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Corrections

Key Initiatives

2012-2013

  • To reduce recidivism and promote public safety, each program shall track and analyze program outcomes by assessed risk levels to benchmark successful completion rates using approved evidence-based strategies geared to increase client success.

  • To assertively seek funding and programmatic opportunities at all levels to enable our clients to succeed in being more productive citizens. The current economy with high unemployment, government changes and budget challenges at all levels is reducing funding for offender programs and services. We shall demonstrate leadership and provide policy-makers with accurate information and recommendations that promote public safety and long-term fiscal responsibility.

  • To continue to participate fully in the planning, implementation, operation and/or monitoring of any county-approved programs from the Criminal Justice Alternatives Master Plan to reduce demand for adult detention services.

  • To maintain and promote respectful and inclusive workplaces the department shall continue using the established M.E.E.T. model to help recognize, respond to, and resolve day-to-day workplace situations. Cultural competence of staff and the organization will be a priority by planning and field testing a Diversity Phase V training program in 2012 for delivery to all DOC staff in 2013.

  • To improve student success of youth involved with the juvenile justice system at both the policy and individual case levels by providing an education liaison position housed at the juvenile court offices.

  • To maintain summer schools provided by the school district at our juvenile detention, residential and boy’s ranch facilities to enable students to earn credits and improve their academic skills while in placement.

  • To plan and implement a consolidated department-wide staff training program.

  • To participate with the Kansas Juvenile Justice Authority in the Annie E. Casey Juvenile Detention Alternatives Initiative (JDAI) by working collaboratively with community and justice system stakeholders to collect and analyze data and make agreed upon improvements. The work will also involve collaborating with consultants from the Annie E. Casey JDAI and representatives from four other Kansas sites (Shawnee, Johnson, Douglas and Wyandotte counties). The JDAI work is voluntary and anticipated to last five years (until 2016).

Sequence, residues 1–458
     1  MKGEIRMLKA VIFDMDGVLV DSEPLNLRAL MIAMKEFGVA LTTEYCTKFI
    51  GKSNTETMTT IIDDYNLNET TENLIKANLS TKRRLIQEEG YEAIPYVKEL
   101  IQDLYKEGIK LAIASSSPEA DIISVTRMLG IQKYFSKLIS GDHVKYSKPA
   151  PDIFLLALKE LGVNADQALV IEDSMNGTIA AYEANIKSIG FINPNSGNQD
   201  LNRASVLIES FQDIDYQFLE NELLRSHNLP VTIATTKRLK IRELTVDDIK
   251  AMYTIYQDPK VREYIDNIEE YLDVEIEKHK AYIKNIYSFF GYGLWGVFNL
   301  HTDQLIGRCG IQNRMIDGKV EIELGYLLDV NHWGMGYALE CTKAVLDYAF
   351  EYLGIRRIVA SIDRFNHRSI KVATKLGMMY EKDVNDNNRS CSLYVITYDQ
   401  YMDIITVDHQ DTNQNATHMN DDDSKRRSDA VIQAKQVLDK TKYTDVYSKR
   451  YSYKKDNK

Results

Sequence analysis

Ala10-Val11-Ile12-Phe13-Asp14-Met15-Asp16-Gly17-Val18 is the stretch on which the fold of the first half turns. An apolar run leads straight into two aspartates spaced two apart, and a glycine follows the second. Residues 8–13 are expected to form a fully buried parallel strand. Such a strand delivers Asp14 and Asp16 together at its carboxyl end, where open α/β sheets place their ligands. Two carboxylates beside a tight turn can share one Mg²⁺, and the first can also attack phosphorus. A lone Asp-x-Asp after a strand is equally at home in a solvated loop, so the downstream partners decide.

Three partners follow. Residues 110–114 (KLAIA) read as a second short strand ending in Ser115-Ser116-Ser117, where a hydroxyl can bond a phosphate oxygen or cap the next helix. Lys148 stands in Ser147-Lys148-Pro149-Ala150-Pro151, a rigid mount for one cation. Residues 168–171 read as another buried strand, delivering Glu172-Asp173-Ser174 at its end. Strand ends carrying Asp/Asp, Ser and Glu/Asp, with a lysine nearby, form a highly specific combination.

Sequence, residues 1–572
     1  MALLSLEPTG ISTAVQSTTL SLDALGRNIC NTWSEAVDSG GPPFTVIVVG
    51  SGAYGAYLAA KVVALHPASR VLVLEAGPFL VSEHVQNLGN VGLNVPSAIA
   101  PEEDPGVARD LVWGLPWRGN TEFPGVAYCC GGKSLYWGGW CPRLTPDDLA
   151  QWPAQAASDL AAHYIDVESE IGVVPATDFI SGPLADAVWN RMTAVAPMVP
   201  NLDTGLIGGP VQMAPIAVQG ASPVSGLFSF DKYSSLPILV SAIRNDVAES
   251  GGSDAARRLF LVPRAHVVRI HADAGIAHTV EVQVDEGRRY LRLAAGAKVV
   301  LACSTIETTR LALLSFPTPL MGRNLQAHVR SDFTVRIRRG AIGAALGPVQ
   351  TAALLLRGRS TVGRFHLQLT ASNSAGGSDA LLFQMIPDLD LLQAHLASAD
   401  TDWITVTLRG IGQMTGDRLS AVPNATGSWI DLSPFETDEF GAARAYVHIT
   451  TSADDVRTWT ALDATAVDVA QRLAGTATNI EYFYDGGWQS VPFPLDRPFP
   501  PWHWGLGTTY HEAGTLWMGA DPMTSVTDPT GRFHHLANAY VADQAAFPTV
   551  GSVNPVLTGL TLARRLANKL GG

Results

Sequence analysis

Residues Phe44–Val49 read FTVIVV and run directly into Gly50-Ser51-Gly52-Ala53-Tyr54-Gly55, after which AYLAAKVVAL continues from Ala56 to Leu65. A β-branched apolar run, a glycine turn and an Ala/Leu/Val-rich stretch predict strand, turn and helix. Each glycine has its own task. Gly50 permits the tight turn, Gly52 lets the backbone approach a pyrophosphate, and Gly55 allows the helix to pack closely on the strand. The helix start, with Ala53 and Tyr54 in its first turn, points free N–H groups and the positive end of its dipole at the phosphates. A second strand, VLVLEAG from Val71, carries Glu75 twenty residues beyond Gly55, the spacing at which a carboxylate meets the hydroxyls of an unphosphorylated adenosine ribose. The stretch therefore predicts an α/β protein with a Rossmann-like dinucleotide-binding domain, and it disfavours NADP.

• To continue to plan and facilitate cross-systems policies and practices to improve coordination and integration of service delivery inside our community to youth and families with complex needs.

2011 Progress On Key Initiatives

  • To reduce recidivism and promote public safety, each program shall track and analyze program outcomes by assessed risk levels to benchmark successful completion rates using approved evidence-based strategies geared to increase client success.

    • Progress: The changes have been planned and reporting will begin in 2012.

  • To assertively seek funding and programmatic opportunities at all levels to enable our clients to succeed in being more productive citizens. The current economy with high unemployment, government changes and budget challenges at all levels is reducing funding for offender programs and services. We shall demonstrate leadership and provide policy-makers with accurate information and recommendations that promote public safety and long-term fiscal responsibility.

    • Progress: Ongoing. State and County governments are engaged in organizational planning and downsizing in response to the political and financial climates. The department downsized the Community Corrections Adult Residential Center from a capacity of 120 to 65-beds due to a county decision to reduce funding. To further reduce county expenditures we provided recommendations that were adopted to change the target population for the facility and eliminate use of a waiting list. The changes reduced jail population by 50 per day. The impact on the state corrections system and our clients has been loss of capacity for “last chance” sentencing options for probation and increase in admissions to state prisons.